• The Wonder

  • By: Emma Donoghue
  • Narrated by: Kate Lock
  • Length: 12 hrs and 26 mins
  • Unabridged
  • Release date: 09-22-16
  • Language: English
  • Publisher: Pan Macmillan Publishers Ltd.
  • 4.4 (16 ratings)

Regular price: $31.54

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Publisher's Summary

An 11-year-old girl stops eating but remains miraculously alive and well. A nurse sent to investigate whether she is a fraud meets a journalist hungry for a story.
Set in the Irish Midlands in the 1850s, Emma Donoghue's The Wonder - inspired by numerous European and North American cases of 'fasting girls' between the 16th century and the 20th - is a psychological thriller about a child's murder threatening to happen in slow motion before our eyes. Pitting all the seductions of fundamentalism against sense and love, it is a searing examination of what nourishes us, body and soul.
©2016 Emma Donaghue (P)2016 Macmillan Digital Audio
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Customer Reviews

Most Helpful

By Pearl on 09-28-17

wonderful book

wonderful book. the telling was not so clear although. but still overall very arresting read.

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By Michele L Rousseau on 05-14-17

Great Story, unfortunate narration

This is a powerful tale involving characters who strive to comply with the demands of the cultures they are embedded in. Whilst at the same time colliding with the differing beliefs of others. The result is ongoing collision involving issues of gender superiority, fervent religious beliefs vs science to name a few. This occurs at the expense of the vulnerable main character. Dark secrets emerge which deepen the complexity of this psychological thriller. Unfortunately the narrator brings a pantomime like emphasis to the characters which eclipses the strength of the narrative.

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By Katie on 10-11-16

That is NOT and Irish Accent, Just Stop.

What could have made this a 4 or 5-star listening experience for you?

On twitter I described this as the most painful audiobook I've ever listened too and really that isn't far from the truth. The tag line should be 'British women butchers Irish accents in a way that's frankly offensive'. The way should does the Irish characters accents makes them come off as the most ill educated, naive idiots the world ever laid eyes on. Not one Irish person's accent was accurate. Also in 1850s Ireland not all Irish people in Athlone would've spoken fluent English.<br/><br/>The story seems fairly decent and I may stick the print copy on hold at the library but don't put yourself through this monstrosity its not worth it.<br/><br/>Also audiobook producers there are 5 million Irish people out there, could you not have asked one of them to work in tandem with Kate Lock and do the Irish accents? Seriously, the Irish have had their culture erased for long enough!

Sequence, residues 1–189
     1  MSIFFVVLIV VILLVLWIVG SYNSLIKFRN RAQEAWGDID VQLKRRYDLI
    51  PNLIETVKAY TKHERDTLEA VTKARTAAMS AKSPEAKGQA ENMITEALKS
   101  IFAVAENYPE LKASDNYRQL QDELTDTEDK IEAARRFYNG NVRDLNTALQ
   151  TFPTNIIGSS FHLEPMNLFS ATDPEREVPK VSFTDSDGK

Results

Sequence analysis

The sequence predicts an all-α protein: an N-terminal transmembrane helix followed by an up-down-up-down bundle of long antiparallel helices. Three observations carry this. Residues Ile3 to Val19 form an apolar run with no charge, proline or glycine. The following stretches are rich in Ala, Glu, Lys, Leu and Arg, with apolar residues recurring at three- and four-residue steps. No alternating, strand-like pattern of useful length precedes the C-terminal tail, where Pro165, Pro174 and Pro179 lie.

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8 of 12 people found this review helpful


By O. McLean on 11-02-16

Intriguing story

Story twists and turns drew me in. as an Irish listener, found Kate Lock's Irish accents occasionally a bit too heavy on the Leprechaun so became a bit of a distraction.

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4 of 6 people found this review helpful

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Customer Reviews

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By Joana on 09-28-16

not a psychological thriller

This was marketed as a 'psychological thriller' but unfortunately it was not. I had enjoyed the author's previous book Room and was drawn in by the premise of this novel's story but while listening to it, was never excited at any point.

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3 of 4 people found this review helpful


By Anonymous User on 09-11-17

A gradual captivating story

The more you read, the less you wish to put it down. The story is written and read quite well, however there were times when I wished it was read differently. The slow calculating voice that runs throughout works wonders in many sections, but loses reality in others. But it's the story itself that gets a five our a five.

Emma Donoghue understands perfectly well about the life of Irish folk in the 19th century. Not just from way of life, but even little details like burning cans and horse and cart riding. The main character, Elizabeth Wright, who is a well-trained nurse, is also a observant and stringent woman. Her personality is captured well.

I do wish, however, that the reader was a little more stringent in her performance.

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